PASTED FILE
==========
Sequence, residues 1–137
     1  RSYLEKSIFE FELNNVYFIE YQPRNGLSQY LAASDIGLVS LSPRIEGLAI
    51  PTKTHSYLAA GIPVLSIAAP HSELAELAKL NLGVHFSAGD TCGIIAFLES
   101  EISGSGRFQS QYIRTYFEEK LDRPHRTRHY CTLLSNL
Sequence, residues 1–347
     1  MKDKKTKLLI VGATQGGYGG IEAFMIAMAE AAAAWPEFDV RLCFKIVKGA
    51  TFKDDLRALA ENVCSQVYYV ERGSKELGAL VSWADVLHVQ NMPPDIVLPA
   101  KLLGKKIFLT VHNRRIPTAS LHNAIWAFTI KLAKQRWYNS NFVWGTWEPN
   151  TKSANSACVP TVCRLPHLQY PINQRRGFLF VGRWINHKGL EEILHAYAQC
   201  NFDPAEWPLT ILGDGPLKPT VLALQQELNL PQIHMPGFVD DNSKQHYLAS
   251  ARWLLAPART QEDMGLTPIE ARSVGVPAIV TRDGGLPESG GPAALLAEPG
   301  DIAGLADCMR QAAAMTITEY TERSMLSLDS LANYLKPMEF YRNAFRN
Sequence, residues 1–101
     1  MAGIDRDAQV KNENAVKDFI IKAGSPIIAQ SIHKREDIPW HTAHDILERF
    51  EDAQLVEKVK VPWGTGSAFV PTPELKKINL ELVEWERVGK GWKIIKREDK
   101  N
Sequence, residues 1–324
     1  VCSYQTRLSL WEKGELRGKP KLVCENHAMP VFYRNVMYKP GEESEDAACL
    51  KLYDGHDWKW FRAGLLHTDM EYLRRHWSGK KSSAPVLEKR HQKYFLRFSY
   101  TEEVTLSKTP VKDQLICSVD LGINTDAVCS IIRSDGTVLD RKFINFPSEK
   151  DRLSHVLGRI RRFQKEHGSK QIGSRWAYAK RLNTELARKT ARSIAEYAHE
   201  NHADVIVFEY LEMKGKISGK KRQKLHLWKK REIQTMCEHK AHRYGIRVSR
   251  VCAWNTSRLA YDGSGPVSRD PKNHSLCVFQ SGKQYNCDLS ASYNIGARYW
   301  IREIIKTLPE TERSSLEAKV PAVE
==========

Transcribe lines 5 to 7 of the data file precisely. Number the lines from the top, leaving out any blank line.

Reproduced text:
Sequence, residues 1–347
     1  MKDKKTKLLI VGATQGGYGG IEAFMIAMAE AAAAWPEFDV RLCFKIVKGA
    51  TFKDDLRALA ENVCSQVYYV ERGSKELGAL VSWADVLHVQ NMPPDIVLPA